Learn all about the geometry of birding from Naturalist Journeys‘ owner and lead guide, Peg Abbott.
The malaise we all feel trying to get through this pandemic reminds me a bit of jet-lag, that sort of fog that takes over when your energies are low and your internal clock is off. Therefore, it’s at times like these that I like numbers, being a person of many WORDS, work with numbers soothes me. After a few long plane rides back from Africa and Australia, I came up with what I call, the “Geometry of Birding”.
I was never very good with math, but always good with spatial relations. In high school when they tested us for careers, they tagged me as interior design. Hah! A little gender biased I think. However, today I use those spatial skills on beaks, wings, tails, and relative bird proportions.
Size is one of the most unreliable references to use for identification, of all the field marks, as it is so dependent on distance and relationship to other objects. We’ve all had that raptor on a pole turn into a robin, and vice-versa. But relative size is a good one.
I often use geometry often in two ways.
Relative Size is good for birds in flocks, or birds that aggregate in the same feeding area. Probably best described with shorebirds, the technique is to pick out a species you know well, and use it as the measure for all others. Trying to figure out that Greater or Lesser Yellowlegs? If a Killdeer is near, voila. Lesser Yellowlegs (10.5”) Greater (14″), Killdeer (10.5″). Using relative size in concert with a check of other field characteristics gives you confidence you made the right call. And finds you some sleepers! Ever see a dowitcher that seemed really small? While this measure does not sort Short-billed from Long-billed, only a half inch apart at 11” and 11.5”, that Stilt Sandpiper (8.5”) making the same feeding motion may be parked nearby! Now if there was a Sanderling nearby, a common companion, at 8” there is your match!
So now the fun begins. If you like Excel, make a chart with bird names and the height measurement (right under the name in most field guides), then sort by size and you have your chart. You can also do this by hand, making columns of 5” species, 6” species, 7” species, all the way up to the giants such as that 23” Long-billed Curlew. And you can take it across groups of birds. Perhaps a Common Raven (24”) landed on the mudflat nearby where you wondered if you had a Long-billed Curlew (23”) or Whimbrel (17.5). Bingo—no limit to sorting birds by size. Most handy is to start with those you commonly see at home. Have a big trip planned with a lot of new species? Have fun with the math and grouping them by size; it will REALLY pay off in the field.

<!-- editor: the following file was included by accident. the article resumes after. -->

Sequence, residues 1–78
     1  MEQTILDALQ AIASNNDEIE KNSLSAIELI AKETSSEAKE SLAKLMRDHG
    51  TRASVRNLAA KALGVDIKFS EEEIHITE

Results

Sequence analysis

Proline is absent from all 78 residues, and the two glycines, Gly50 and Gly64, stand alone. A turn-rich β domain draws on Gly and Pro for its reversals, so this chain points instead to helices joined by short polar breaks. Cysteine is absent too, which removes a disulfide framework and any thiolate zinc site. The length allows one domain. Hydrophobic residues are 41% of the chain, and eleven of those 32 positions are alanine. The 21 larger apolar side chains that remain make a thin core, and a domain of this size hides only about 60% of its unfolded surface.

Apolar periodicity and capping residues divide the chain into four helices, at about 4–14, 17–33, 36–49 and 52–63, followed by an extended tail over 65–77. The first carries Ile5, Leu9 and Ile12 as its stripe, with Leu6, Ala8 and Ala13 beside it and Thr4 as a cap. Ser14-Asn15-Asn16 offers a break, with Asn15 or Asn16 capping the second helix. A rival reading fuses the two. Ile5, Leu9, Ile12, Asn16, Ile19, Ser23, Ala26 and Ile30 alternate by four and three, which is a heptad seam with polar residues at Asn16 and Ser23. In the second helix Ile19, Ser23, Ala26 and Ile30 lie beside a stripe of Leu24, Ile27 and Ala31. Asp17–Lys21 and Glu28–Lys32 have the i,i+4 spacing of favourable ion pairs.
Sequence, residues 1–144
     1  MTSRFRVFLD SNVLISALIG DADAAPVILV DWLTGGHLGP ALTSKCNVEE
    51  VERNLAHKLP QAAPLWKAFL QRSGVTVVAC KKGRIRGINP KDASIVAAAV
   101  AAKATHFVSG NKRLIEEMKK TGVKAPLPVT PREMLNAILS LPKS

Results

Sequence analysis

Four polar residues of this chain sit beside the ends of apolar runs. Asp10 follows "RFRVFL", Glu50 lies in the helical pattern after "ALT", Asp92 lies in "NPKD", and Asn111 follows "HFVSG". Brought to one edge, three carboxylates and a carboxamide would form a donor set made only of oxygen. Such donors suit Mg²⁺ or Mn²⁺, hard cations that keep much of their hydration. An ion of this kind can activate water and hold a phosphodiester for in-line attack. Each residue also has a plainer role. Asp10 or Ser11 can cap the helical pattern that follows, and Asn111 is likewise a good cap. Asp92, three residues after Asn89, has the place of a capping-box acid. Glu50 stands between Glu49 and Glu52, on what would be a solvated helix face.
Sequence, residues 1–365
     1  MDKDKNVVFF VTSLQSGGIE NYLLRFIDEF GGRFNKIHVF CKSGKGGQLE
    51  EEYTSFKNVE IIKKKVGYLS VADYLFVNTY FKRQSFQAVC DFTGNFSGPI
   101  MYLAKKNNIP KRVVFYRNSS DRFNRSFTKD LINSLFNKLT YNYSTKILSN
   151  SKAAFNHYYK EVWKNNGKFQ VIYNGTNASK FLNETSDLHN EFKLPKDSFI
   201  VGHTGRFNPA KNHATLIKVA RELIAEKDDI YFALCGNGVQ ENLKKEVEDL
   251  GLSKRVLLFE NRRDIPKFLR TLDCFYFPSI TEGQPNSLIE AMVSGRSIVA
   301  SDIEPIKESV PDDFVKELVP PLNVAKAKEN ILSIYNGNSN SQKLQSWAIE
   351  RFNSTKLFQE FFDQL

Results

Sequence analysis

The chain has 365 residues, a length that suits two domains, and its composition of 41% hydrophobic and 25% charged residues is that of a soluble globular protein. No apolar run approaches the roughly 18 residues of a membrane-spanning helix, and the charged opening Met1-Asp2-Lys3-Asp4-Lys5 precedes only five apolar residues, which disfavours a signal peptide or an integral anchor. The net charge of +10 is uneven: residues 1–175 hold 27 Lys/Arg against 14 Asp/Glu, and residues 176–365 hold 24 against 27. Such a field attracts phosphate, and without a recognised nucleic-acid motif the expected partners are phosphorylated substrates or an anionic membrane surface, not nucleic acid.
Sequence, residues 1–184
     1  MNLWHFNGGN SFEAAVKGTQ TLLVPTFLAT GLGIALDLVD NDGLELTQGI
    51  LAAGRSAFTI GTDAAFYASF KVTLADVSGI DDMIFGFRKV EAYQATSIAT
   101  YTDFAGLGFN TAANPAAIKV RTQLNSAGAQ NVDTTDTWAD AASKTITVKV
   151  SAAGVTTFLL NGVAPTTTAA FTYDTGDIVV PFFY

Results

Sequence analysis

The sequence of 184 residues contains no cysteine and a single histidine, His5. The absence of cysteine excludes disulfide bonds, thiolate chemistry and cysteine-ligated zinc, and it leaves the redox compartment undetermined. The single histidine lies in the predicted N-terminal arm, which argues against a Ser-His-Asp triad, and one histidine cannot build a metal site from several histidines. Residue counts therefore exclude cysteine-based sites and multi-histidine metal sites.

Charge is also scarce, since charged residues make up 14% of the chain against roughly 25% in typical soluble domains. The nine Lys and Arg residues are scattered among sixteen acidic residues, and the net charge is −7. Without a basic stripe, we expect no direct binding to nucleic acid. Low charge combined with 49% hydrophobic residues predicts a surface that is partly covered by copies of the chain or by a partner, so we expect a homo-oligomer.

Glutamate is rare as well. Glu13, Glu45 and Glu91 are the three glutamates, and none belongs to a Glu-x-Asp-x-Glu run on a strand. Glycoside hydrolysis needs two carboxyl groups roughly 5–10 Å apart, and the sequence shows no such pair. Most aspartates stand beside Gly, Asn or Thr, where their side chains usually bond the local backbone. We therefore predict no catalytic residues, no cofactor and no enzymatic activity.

Relative Proportion is a learned skill but one that is incredibly useful. We have master bird banders to thank for showing us the utility of comparing body parts and bringing that to field guides. Many know for flycatchers to look at the wing length to tail—at rest where do those wings hit the tail? Some also use primary projection, comparing different parts of the wing to each other. If this sounds way out of reach, start simple. I focus in on the beak right off when I see a bird. The shape and the length and proportion. The simplest question is: If you imagined placing the beak over the head, would it cover half, ¾, or full, perhaps even extend beyond it?
Look up Hairy vs Downy Woodpecker and you will understand the concept. This works well for some of the cryptic warblers, too, and their vireo look-alikes. Compare a Chipping with a Rufous-crowned Sparrow. The, from beaks I often use tails, especially in sparrows. Imagine putting that tail over the birds back. A Song Sparrow is a pretty good fit, whereas Savannah makes it only midway.
With just your field guide and your imagination, you can sleuth out many species if seen alone, by using its own body parts compared in relative proportion. Check out Bird Topography online as various sites, including Birdforum.net.
Just a few tips on the geometry of birding!